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When we go to the beach for a swim, I’ve made a habit of diving into the breaking waves and opening my eyes to relish the thousands of bubbles that create bubble therapy.

I haven’t any proof that there’s any substantial benefit to my eyesight but deep down inside I feel it’s doing me some good.

Not all readers live by the coast or in warm-water countries where they can do the same, but they can blow bubbles instead.

Bubble therapy (bubble blowing!) is recommended for people with Asthma, Down’s Syndrome, Autism, stress reduction and of course lifting the spirits of people in care homes.  

When stressed, a bottle of water and liquid soap will do a far better job than magnetic toys, mini sand gardens or the momentum balls of a Newton’s Cradles.

Why?  Because the act of blowing bubbles forces people to stop what they’re doing and focus on their breathing. In turn this helps lower anxiety levels.

It’s both a metaphor for transformation as well as a means of creating rapid change in an energy structure. Energy is being created and destroyed and re-created constantly. Bubbles remind us of this. 

They destabilise a rigid structure by following the natural flow of energy, which is in a constant state of flux.

Bubble blowing (bubble therapy) is simple, inexpensive and required no training!

For children, blowing bubbles helps with visual tracking, developing motor skills, hand-eye co-ordination and the development of speech, language and hearing.

  • A bubble has no noise and thus indicates silence. 
  • Bubbles in your dreams represent childhood fun.
  • Blowing bubbles as an exercise positions and strengthens the tongue for sounds produced in the back of the mouth.
  • Bubbles signify relaxation, peace and good fortune.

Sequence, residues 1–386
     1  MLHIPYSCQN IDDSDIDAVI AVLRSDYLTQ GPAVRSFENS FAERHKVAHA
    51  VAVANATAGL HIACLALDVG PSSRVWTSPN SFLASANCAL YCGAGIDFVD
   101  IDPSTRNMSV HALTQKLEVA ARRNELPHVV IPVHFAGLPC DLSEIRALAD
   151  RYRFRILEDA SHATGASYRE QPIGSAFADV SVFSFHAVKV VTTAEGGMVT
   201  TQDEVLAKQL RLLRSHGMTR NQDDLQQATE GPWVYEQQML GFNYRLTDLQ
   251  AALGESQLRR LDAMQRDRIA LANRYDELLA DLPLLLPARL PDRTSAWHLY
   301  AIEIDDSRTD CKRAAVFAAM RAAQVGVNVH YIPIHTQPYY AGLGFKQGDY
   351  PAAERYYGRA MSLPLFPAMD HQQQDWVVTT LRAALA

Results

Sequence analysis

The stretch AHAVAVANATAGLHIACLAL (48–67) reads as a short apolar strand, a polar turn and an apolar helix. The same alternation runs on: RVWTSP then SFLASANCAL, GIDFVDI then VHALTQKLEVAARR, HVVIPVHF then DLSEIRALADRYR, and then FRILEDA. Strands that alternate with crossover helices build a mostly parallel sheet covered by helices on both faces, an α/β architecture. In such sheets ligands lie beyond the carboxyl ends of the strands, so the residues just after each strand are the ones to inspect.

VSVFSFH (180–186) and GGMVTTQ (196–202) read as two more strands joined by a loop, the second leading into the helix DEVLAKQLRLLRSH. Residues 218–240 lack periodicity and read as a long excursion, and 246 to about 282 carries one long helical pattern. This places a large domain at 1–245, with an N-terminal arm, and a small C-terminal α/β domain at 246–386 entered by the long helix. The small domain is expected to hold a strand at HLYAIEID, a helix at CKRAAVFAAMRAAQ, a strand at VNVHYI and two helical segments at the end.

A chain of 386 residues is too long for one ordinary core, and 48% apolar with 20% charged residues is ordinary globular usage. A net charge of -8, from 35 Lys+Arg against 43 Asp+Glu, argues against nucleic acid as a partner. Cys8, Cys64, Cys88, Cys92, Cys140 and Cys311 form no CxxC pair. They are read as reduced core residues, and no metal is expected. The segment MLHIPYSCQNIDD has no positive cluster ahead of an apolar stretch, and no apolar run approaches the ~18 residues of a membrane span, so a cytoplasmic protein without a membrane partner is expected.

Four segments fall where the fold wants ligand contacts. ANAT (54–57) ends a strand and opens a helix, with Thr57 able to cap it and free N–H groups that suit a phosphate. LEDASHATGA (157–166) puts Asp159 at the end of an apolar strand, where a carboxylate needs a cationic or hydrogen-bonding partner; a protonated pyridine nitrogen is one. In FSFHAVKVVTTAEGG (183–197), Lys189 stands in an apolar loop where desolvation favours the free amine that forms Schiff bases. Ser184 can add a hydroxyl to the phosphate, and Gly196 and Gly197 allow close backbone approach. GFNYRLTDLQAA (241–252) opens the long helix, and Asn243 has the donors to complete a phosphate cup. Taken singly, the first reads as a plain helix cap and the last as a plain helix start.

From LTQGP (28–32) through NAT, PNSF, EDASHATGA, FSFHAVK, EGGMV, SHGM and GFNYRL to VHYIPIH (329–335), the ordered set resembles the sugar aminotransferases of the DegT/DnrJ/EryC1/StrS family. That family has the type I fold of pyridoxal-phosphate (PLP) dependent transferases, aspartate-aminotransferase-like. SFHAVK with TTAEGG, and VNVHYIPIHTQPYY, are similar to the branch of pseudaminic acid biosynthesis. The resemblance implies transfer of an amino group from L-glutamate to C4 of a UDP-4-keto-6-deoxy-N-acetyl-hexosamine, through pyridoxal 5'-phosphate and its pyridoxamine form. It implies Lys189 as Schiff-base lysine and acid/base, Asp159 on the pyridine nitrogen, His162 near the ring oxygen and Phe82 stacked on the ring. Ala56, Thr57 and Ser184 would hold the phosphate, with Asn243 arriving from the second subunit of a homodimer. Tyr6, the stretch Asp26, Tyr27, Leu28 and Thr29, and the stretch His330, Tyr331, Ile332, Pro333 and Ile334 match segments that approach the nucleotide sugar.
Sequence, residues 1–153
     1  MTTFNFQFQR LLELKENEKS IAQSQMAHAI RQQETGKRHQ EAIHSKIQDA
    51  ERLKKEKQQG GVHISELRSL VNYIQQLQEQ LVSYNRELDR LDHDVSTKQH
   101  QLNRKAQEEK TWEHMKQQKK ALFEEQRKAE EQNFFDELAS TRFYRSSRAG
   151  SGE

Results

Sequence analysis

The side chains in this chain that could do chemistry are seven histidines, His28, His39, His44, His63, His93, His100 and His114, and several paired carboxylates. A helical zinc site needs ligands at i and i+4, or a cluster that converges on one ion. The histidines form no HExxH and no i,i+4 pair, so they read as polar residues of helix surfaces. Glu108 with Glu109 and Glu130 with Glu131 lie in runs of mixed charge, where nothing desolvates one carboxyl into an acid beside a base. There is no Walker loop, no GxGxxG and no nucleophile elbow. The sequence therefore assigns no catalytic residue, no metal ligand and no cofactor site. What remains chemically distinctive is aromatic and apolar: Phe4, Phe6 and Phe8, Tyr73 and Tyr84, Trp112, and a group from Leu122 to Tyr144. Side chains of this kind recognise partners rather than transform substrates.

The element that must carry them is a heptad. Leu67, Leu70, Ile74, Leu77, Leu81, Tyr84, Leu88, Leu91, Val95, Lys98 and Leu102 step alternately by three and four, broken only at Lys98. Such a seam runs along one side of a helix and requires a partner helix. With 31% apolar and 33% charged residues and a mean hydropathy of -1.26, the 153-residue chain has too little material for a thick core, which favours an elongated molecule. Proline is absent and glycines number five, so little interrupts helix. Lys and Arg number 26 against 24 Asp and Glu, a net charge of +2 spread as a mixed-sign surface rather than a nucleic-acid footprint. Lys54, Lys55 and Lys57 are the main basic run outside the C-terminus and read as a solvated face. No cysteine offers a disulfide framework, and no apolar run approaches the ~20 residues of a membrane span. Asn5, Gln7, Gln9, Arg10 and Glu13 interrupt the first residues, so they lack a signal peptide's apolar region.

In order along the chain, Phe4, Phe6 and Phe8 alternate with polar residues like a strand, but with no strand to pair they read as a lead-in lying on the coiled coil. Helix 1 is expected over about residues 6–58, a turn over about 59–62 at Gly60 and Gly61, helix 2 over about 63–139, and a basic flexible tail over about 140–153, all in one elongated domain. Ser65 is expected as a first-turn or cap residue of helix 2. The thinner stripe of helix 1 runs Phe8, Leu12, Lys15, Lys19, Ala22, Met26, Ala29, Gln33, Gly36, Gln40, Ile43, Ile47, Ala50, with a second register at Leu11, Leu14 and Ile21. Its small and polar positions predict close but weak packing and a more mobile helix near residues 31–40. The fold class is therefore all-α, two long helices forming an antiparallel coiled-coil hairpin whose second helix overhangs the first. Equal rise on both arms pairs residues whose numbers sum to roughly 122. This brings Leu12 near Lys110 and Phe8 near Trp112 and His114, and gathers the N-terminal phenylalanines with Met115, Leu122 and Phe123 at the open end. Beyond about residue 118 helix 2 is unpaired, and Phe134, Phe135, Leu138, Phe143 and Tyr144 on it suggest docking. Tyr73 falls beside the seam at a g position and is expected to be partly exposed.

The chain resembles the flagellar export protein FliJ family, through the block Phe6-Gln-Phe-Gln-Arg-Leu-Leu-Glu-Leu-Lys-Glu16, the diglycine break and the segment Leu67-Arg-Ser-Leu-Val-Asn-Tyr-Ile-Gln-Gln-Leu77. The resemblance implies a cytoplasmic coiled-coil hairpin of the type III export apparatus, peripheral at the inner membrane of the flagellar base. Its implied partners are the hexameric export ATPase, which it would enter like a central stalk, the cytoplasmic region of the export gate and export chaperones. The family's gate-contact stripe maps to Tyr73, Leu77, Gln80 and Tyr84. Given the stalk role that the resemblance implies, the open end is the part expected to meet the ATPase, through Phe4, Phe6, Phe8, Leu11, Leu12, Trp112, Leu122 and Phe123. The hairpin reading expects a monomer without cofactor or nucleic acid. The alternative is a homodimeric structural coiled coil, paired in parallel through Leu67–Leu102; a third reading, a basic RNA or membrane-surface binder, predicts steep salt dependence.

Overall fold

…..and don’t forget half the fun is in popping them as well.

The earliest recorded use of the word was by a lady called Marie Maud in 1350. She used the word ‘Burbles’ (also a great word!) to refer to the bubbles of water with which children were playing in her work Legendae Catholicae.

A couple of centuries later along comes William Shakespeare. In Macbeth he writes ‘The Earth hath bubbles as the Water ha’s’ (I.III. 77).

Back to the modern era. 

We walk the local beaches here in Bali most evenings.  

Last week we came across a family with what can only be described as a bubble machine, preloaded with soap and water. 

When the machine was placed on the sand and turned on the children were screaming with joy as they tried to catch airborne bubbles before they floated past.  Beyond the children were two dogs frantically trying to bite the bubbles that the children missed.

You can imagine how much fun that represented to all involved….and us watching.

I’m already looking forward to me next beach swim. 

Graeme Dinnen

PS  This guy has really taken the art of bubble blowing to a new level.

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